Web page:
My spine is twisted. My doctor realized when I was in seventh or eighth grade that I have scoliosis, a lateral curvature of the spine into an elongated S-shape. Though the X-rays present a worrisome picture, casual external inspection shows little. Standing up, one shoulder droops a little below the level of the other, and when I bend forward, one half of my lower back is raised. The curvature is relatively severe by medical standards (though not so bad as to suggest operation), but I notice nothing without examination.

The spine is an important part of one's body. Duh. But this carries over into metaphor: you're spineless, or he's twisted, or she stands tall on that issue. The more my parents and doctors talked about my spine, the more crippled I felt, and the more sensitive I became to such attention. In ninth grade they talked me into using a back brace, because I was still growing and I could prevent further curvature. I refused to wear a brace 24-7, but I was willing to wear one at home at night.

This was a horrible experience. The brace was a custom molded hard plastic apparatus that wrapped around my torso from my chest down over my hips. There were three large velcro straps on the back pulling together a split in the brace. Wearing the thing was almost invisible under clothes but became very uncomfortable very quickly. I had to build up to wearing it for a few hours straight, and I frequently woke up during the night in incredible pain. My brace required frequent visits to the Children's Hospital in Boston for readjustments, measurements, and X-rays, and the fit remained quite painful for the two years that I wore it.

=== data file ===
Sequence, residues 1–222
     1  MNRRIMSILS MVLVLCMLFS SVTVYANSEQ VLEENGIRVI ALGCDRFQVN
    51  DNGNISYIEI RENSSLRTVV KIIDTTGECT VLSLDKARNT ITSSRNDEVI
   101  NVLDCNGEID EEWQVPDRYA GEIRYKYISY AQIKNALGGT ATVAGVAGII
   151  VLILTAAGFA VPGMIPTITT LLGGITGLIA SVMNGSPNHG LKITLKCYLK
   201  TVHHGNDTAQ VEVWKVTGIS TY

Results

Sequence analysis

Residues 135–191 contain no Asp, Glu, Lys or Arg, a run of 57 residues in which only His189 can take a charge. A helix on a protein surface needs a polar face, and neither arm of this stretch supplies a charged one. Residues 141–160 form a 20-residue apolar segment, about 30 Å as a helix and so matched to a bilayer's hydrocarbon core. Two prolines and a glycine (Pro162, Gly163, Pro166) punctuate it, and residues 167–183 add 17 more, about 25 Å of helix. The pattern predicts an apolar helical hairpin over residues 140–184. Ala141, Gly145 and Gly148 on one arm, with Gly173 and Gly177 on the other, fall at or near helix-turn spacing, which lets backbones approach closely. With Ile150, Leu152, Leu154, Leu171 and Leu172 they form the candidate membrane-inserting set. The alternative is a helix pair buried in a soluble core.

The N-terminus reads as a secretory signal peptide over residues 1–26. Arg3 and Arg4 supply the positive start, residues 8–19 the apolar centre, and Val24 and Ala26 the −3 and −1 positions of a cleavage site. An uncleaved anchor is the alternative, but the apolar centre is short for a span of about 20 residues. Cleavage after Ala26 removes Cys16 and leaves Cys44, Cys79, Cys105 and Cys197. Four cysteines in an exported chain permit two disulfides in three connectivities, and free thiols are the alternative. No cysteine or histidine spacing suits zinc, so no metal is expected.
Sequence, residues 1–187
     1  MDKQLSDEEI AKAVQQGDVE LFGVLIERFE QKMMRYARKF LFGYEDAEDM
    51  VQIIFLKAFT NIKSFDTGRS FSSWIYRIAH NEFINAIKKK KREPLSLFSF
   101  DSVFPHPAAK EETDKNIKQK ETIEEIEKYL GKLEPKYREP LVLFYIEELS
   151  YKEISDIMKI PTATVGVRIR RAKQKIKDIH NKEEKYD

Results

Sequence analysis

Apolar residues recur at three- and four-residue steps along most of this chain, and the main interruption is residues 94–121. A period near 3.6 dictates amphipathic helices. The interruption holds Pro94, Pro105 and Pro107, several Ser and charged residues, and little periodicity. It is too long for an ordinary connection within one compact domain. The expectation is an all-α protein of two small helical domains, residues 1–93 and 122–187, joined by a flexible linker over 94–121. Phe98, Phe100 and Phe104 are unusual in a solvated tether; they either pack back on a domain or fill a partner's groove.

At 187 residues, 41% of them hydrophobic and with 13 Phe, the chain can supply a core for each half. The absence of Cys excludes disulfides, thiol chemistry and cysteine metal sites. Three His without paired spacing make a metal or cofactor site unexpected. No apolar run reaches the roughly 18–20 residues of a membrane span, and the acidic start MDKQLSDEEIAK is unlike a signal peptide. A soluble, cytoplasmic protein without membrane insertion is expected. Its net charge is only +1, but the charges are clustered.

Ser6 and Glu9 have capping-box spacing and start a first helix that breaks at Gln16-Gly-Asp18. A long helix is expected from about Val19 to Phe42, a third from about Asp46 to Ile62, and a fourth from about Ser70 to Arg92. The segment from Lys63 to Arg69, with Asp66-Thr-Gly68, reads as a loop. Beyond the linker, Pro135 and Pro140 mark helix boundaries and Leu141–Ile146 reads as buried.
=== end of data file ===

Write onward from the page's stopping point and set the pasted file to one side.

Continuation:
The brace hit me at a bad time in my life. Tired of fringe social life and what I considered a lack of success in most areas, I became harder and harder on myself in effort to effect change. This self-punishment led to a repression of my impulses and a worse repression of emotional expression. The brace symbolized and catalyzed this repression, this binding of self to forcefully counteract inherent deformities. I confined myself to a social and physical mold that constrained freedom and reinforced my self-image as a fundamentally flawed individual. I spent years escaping this cage, and I'm still not sure whether the experience bred atrophy or strength.

I feel uncomfortable taking my shirt off in public. I have had this reservation for perhaps a decade now. When I was born I had a few small moles on my body, nothing out of the ordinary, but when I got older they grew and I found more. I had a large mole on my back, about the size of a dime, and several about the size of pencil erasers. Being a perfectionist, I found these quite unpleasing aesthetically and became shameful of them. My doctor feared that a couple could develop into skin cancer, so he sent me to a dermatologist, whom I visit every six months for a check-up. The dermatologist also found concern, and has removed four so far for biopsy (though none in the last five years). I have been luck to avoid malignant tumors, and to have several spots removed at the expense of insurance, but these operations have left scars. So now I have three quite noticeable scars on my back, and I can't decide whether to cherish them as battle wounds or estrange them as defects. Bart Simpson once exclaimed that "chicks dig scars," and I pride all of my scars that have happened for other reasons (in the heat of passion while not under novicaine), but do scars from surgery count?

Discussion of Patchwork Girl Patchwork Girl Overview Screen for
Website Body and Self